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Developing your unique selling point

Your unique selling point includes the competitive factors that differentiate your product or service from other companies’ offering. It’s the reason people will buy from you and not another business, so it must be clear and well defined.

Making your business stand out is crucial. It’s unlikely you’ll be the only business providing your product or services in your market.

Look for things that make your products or services stand out from the crowd. These could include being:

  • first to the market
  • most reliable
  • exclusive outlet
  • highest quality
  • cheapest
  • most economical
  • easiest to use
  • locally made (when everyone else doesn’t)
  • organic (when everyone else isn’t)
  • made from sustainable materials
  • healthiest
  • environmentally friendly.

Remember, customers can buy just about anything online from around the world, so offering something that’s “unique” isn’t easy for New Zealand companies.

You could focus on what’s unique about your business, eg guaranteeing you’re the cheapest supplier or the brand consumers trust most. All these features help to build your brand and should feed into your marketing and sales plans.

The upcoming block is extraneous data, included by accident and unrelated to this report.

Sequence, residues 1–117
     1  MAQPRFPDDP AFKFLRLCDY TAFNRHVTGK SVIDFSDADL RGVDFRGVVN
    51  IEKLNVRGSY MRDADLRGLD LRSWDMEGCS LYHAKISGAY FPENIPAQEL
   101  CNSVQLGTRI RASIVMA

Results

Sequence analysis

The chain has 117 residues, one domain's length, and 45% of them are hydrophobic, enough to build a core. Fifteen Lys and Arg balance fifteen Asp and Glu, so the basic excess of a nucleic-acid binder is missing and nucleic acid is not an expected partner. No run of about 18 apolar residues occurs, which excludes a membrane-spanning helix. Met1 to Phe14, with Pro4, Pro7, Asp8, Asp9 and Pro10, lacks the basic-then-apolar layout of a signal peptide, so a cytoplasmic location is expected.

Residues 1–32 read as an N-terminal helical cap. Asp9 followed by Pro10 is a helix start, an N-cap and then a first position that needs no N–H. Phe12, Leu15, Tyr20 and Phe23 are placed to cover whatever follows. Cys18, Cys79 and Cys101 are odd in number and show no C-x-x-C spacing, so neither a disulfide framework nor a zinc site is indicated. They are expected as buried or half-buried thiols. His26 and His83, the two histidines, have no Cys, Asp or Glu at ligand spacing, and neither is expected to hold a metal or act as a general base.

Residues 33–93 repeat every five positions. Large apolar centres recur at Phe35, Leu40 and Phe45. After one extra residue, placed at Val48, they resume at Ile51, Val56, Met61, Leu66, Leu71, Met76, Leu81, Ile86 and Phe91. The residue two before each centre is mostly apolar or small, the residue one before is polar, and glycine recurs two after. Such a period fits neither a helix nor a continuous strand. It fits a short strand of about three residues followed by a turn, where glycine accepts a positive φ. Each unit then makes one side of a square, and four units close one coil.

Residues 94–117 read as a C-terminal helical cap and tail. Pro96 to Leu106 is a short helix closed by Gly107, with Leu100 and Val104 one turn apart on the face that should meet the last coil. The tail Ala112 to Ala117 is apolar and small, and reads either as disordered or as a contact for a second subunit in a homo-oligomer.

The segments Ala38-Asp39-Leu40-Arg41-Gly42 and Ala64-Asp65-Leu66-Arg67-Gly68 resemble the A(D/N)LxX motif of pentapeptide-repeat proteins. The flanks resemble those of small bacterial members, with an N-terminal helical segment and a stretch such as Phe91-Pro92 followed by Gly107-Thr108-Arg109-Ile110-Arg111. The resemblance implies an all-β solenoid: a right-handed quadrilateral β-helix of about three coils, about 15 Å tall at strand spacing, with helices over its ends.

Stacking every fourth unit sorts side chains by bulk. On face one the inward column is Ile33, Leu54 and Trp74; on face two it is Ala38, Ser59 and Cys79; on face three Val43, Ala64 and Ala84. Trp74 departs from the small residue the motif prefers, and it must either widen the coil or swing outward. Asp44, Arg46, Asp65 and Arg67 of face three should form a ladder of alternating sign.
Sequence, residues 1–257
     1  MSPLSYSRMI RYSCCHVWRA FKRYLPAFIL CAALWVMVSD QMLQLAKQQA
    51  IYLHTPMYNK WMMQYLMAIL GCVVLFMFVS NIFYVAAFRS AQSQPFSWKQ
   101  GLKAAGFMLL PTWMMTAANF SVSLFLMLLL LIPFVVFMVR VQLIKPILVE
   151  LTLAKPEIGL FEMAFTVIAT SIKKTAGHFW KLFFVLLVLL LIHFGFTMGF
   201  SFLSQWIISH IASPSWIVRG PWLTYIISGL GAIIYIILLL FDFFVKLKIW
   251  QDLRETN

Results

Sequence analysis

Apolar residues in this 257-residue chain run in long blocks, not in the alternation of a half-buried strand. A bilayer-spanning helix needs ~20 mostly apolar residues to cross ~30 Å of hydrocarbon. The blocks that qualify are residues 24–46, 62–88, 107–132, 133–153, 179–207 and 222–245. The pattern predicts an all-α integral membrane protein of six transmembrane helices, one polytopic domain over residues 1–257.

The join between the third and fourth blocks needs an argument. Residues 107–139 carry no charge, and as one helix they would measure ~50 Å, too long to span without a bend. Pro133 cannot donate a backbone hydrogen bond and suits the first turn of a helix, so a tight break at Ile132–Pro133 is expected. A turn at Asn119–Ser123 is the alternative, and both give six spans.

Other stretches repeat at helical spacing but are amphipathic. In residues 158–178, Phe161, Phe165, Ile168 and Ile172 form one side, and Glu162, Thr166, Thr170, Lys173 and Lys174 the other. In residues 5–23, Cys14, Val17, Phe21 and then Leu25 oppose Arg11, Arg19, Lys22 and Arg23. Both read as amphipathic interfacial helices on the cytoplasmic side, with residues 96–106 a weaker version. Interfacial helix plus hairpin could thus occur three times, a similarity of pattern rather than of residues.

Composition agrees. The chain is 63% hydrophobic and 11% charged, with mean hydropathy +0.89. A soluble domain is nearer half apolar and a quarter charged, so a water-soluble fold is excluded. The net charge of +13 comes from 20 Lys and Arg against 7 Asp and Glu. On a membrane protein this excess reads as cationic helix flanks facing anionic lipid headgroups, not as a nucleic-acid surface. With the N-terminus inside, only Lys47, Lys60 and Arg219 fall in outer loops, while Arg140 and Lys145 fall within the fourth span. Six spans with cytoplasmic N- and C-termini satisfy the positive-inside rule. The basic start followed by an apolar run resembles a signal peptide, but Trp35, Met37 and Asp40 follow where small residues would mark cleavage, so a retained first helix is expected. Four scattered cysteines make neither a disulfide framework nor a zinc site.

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Getting a great USP is the key to getting customers to buy from you — not the competition.

Getting a great USP is the key to getting customers to buy from you — not the competition.

How to develop your USP

Finding a point of difference and refining it into a profit-making business requires work.

Take these steps as a starting point:

  1. Write down what you know about your target customers. Good starting points are what they do, what motivates them and why they buy. Think about your personas — fictionalised profiles of key customer types.
  2. Write down what you do that your target customers need — these are potential USPs, eg you want to sell lunch to office workers, so offer online orders and deliver to their desks.
  3. Remove USPs your competitors are already doing well — remember, you want to be unique.
  4. Match potential USPs to things your business does well.
  5. Interview target customers — say 10 to 12 — about which of the potential USPs best meets their needs.
  6. Establish a customer feedback system, monitor what comes in, then ask yourself if the USP:
  • is unique
  • is clear
  • fills a gap in the market
  • is something you can deliver

The next step is to start planning how to turn your USP into a viable business.

How to create a business plan

Use this tool to test whether your business idea is feasible — and check for potential risks before you go full steam ahead. This will help you get an idea of whether your idea for a business will make enough money to cover the costs and show a profit.

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